Physical inactivity remains a pressing public health issue. Modern technologies and economic incentives tend to discourage activity by eliminating simple daily activities that promotes sedentary lifestyles. There are individuals who misinterpret or do not accept the original recommendation, more so, some people continue to believe that only vigorous intensity activity will improve health while others believe that light activities done daily are sufficient to maintain and promote ones health. During the time after the recommendation was issued, the CDC Behavioral Risk Surveillance System indicates a decline in the prevalence of leisure time physical inactivity in both genders. [6],[7],[8],[9] However, there remains a broad range of evidence to underscore concern that many adults are still not active enough. Data from the year 2005 indicates that less than half of the adults met the recommended PA and men are more likely to meet the recommendation than women, while younger people are more active than the older people and the prevalence declines as the age advances. [6],[7],[8],[9] There are data also depicts the level of education has a factor in meeting the recommended PA. People with college degree tend to meet the recommendation than the less education people. [6],[7],[8],[9]

This study aimed to determine if our participants/individuals meet the minimum amount of PA as recommend in the guidelines of ACSM, AHA, and CDC. [4],[5] The results of this study would provide a significant data that will justify and substantiate evidences for the need to prioritize implementation of health related policies and guidelines in the work environment of our institution, as well as provide facilities that will promote health consciousness and provision of building facilities that will promote a healthy environment for the workforce of our institution.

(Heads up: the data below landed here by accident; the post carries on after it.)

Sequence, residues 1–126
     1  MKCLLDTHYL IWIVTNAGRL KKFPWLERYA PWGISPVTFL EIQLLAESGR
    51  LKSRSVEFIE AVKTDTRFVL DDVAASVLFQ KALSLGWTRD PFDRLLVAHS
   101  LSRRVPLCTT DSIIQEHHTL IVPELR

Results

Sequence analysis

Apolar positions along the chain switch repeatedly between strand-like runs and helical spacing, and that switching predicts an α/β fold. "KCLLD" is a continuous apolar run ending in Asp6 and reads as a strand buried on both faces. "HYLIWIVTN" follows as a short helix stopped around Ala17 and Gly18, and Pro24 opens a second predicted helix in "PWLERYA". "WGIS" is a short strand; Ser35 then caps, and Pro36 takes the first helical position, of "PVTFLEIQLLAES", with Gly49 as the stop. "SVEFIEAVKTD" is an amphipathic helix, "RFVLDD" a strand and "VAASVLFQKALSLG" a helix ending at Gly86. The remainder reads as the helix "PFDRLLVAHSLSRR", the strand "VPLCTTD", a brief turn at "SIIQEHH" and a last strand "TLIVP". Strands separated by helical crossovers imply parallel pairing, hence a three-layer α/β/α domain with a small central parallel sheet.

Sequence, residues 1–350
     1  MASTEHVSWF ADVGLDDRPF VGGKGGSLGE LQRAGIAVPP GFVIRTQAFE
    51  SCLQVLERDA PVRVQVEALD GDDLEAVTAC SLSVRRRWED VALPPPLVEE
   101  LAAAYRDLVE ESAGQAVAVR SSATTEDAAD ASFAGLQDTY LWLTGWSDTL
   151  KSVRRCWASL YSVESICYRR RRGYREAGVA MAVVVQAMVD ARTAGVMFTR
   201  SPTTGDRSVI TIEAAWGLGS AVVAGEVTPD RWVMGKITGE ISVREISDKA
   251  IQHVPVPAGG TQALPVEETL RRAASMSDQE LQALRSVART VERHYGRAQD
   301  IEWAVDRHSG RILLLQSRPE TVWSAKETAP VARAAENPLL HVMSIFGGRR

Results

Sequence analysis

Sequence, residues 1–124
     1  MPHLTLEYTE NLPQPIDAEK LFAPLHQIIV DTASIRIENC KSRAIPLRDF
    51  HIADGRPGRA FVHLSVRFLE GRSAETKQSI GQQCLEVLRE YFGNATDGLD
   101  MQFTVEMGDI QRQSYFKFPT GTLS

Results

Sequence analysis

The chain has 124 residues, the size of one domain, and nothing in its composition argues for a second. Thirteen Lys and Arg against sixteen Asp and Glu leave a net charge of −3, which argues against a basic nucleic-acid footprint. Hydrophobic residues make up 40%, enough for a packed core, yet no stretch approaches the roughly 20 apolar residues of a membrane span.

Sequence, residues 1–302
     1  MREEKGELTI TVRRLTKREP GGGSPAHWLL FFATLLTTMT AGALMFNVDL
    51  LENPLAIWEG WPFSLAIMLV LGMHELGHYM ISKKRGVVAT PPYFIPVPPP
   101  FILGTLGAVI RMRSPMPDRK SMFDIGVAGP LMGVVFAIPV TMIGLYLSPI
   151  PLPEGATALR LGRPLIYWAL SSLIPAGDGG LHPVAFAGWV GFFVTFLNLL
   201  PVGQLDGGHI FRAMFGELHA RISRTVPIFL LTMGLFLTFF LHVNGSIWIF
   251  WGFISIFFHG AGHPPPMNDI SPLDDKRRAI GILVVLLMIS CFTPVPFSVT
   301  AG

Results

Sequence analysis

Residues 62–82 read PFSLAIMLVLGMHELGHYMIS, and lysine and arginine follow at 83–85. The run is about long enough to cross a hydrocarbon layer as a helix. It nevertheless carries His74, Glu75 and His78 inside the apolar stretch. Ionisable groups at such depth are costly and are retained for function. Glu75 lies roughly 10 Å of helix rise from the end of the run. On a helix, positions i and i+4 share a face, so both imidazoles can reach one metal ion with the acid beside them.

Materials and Methods Top


Healthy students and employees aged 18 years old to 65 years old of the College of Medicine, King Saud University, Riyadh, Saudi Arabia were invited to participate in the study conducted from March until May 2011. Participants who have cardiac, metabolic, endocrine, immunologic, and other chronic conditions or functional limitations that affect movement ability or physical fitness were excluded from the study.

Participants were asked to fill out a survey questionnaire adopted from the Global Physical Activity Questionnaire (GPAQ) developed by the World Health Organization (WHO) for PA surveillance in countries around the world. The survey checklist corresponded to the daily physical activities of the participant during their working hours and contained the following parameters: department of the employee, position or work, age, gender, height and weight, educational attainment, and co-morbidities. The height and weight was used to calculate the Body Mass Index (BMI), and thereby categorize each participant as underweight (BMI <20), normal (BMI of 20-25), overweight (BMI of 25.1 - 30), and obese (if BMI is >30). The educational attainment is an integral part of the research survey to establish the significance of level of education in the compliance of the recommended daily PA as well as the interrelationship of the type of work or position of the participant.

The survey also collected information of PA in three settings/domains namely; TPA at work, TPA spent on travel to and from places and TPA spent on recreational activities as well as the participants' sedentary behaviors.

TPA was computed using the equation:

TPA = [(P2 * P3 * 8) + (P5 * P6 * 4) + (P8 * P9 * 4) + (P11 * P12 * 8) + (P14 * P15* 4)]

where:

P2, is the number of days spent for vigorous activity at work in mean days/week

P3, is the amount of time spent for vigorous activity at work in mean minutes/day

P5, is the number of days spent for moderate-intensity activity at work in mean days/week

P6, is the amount of time spent for moderate-intensity activity at work in mean minutes/day

P8, is the number of days spent for travel in mean days/week

P9, is the amount of time spent for travel in mean minutes/day

P11, is the number of days spent for vigorous recreation activities in mean days/week

P12, is the amount of time spent for vigorous recreation activities in mean minutes/week

P14, is the number of days spent for moderate-intensity recreation activities in mean days/week

P15, is the amount of time spent for moderate-intensity recreation activities in mean minutes/day

Participants were categorized according to their level of PA based on the physical activity cut-off value recommended by the AHA [Table 1].
Table 1: Physical activity according to gender

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Data was collected and entered using Microsoft Excel 2007 and analyzed using Predictive Analytical Software version 18.1 (PASW, IBM, Chicago, Illinois, USA). Data was presented as mean ± standard deviation or as percentages. Independent t-test was performed to determine the significance between two continuous variables. P values <0.05 were considered statistically significant.